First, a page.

If an individual is unable to achieve its primary goal, and joining a group is the secondary goal, then the explored area is examined to see if it contains groups that can be joined. The hexagons are evaluated in reverse chronological order (the most recently explored hexagon is evaluated first). Each hexagon in the explored area is examined to see if it is part of a group's range. If so, a determination is made regarding whether the group can accept the immigrant. If the immigrant can be accepted, then the process ends. Otherwise, the next hexagon in the explored area is examined.

If an individual is unable to achieve its primary goal, and starting a group is the secondary goal, then the explored area is used to develop a list of cached ranges. Hexagons are added to the cached ranges in reverse chronological order, and as soon as a cached range is identified that meets the individual's target resource, it is taken. If no cached ranges ever attain the resource target then the process continues for each hexagon in the explored area. Then the best cached range overall will be taken, assuming it meets the minimum overall range resource criteria.

In all cases, as individuals explore, they constantly evaluate whether their primary goal can be met. As soon as this goal can be achieved, the exploration stops. If the goal cannot be met, the exploration will continue until the maximum explored area has been reached, or the individual dies due to an encounter with a barrier, or as a result of mortality spatial data. When the goal is to start a new group, then exploration only stops if 100% of the individual's resource target can be met. Otherwise exploration continues until the maximum explored area has been reached. Then the collection of cached ranges is examined to see if a sub-optimal range might be formed. In contrast, when the primary goal is to join a group, each target group is only examined once. If the group's range can supply the indicated percentage of the collective resource needs (which will be sub-optimal for Resource Threshold values less than 100), then it is joined. But unlike range initiation, the decision to settle into sub-optimal conditions is made during the initial encounter with the group.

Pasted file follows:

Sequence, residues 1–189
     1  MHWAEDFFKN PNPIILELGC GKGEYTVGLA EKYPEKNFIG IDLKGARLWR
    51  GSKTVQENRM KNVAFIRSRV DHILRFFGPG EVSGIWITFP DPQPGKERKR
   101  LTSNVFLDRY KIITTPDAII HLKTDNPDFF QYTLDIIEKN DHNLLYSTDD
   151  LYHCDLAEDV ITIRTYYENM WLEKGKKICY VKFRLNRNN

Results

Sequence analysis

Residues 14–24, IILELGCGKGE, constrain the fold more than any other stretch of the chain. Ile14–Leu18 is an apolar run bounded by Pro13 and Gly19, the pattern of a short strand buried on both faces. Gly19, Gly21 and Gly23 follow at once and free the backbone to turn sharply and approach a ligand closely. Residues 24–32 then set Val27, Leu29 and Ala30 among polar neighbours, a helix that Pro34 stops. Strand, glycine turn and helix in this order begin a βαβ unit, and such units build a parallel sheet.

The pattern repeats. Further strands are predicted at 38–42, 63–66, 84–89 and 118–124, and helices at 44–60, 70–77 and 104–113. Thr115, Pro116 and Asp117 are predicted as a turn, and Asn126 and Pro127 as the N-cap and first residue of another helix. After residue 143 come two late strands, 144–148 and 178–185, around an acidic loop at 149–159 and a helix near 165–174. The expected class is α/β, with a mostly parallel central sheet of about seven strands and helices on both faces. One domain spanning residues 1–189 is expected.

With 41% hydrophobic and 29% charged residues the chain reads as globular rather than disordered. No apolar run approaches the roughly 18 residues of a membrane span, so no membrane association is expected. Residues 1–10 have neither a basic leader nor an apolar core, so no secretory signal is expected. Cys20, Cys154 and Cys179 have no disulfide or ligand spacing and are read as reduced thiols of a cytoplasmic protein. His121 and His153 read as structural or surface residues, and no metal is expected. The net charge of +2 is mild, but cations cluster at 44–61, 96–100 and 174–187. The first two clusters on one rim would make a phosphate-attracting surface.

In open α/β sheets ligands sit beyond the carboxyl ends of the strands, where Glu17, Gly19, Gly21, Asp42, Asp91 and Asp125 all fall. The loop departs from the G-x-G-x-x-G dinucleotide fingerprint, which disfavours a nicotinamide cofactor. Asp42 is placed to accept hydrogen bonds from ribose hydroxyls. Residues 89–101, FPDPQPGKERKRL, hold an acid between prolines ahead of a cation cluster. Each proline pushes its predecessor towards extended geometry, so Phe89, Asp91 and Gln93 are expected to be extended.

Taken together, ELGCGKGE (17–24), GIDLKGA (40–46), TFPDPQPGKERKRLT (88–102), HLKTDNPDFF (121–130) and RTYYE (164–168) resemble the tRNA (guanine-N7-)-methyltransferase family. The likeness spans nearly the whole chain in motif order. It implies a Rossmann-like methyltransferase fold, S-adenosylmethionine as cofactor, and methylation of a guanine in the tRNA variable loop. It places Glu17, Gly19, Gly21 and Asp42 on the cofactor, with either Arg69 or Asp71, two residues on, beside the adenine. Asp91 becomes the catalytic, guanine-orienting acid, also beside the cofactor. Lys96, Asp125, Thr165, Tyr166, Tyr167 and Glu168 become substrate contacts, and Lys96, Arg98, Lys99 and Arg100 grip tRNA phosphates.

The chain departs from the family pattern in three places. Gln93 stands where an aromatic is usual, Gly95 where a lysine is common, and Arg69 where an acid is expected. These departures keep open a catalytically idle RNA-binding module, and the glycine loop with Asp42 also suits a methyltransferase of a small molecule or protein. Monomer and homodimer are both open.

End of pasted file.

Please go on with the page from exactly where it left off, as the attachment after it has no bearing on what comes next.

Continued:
If the primary goal cannot be met, but a secondary goal has been established, then the list of already explored hexagons is used to evaluate the possibility of achieving the secondary goal. If the secondary goal also cannot be met, or if there is no fall-back goal, then one of two things happen. If another dispersal can be taken, then the current explored area is abandoned and a new dispersal/ exploration cycle is initiated. If another dispersal/exploration cycle can not be taken, then the searcher remains a floater with an updated explored area.

When movement is set up to use multiple dispersal / exploration pairs, then decisions to start or join a group are based strictly on the current explored area. These decisions will not be based on any previous explorations that may have taken place. Further, when multiple dispersal/exploration cycles are being performed, the dispersal path will automatically avoid hexagons that were included in the most recent exploration. This should force dispersers to move away from a portion of the landscape that was just explored.

The division of ranges by range barriers is addressed during the range caching process that takes place within exploration. So bisected ranges will never be evaluated for suitability.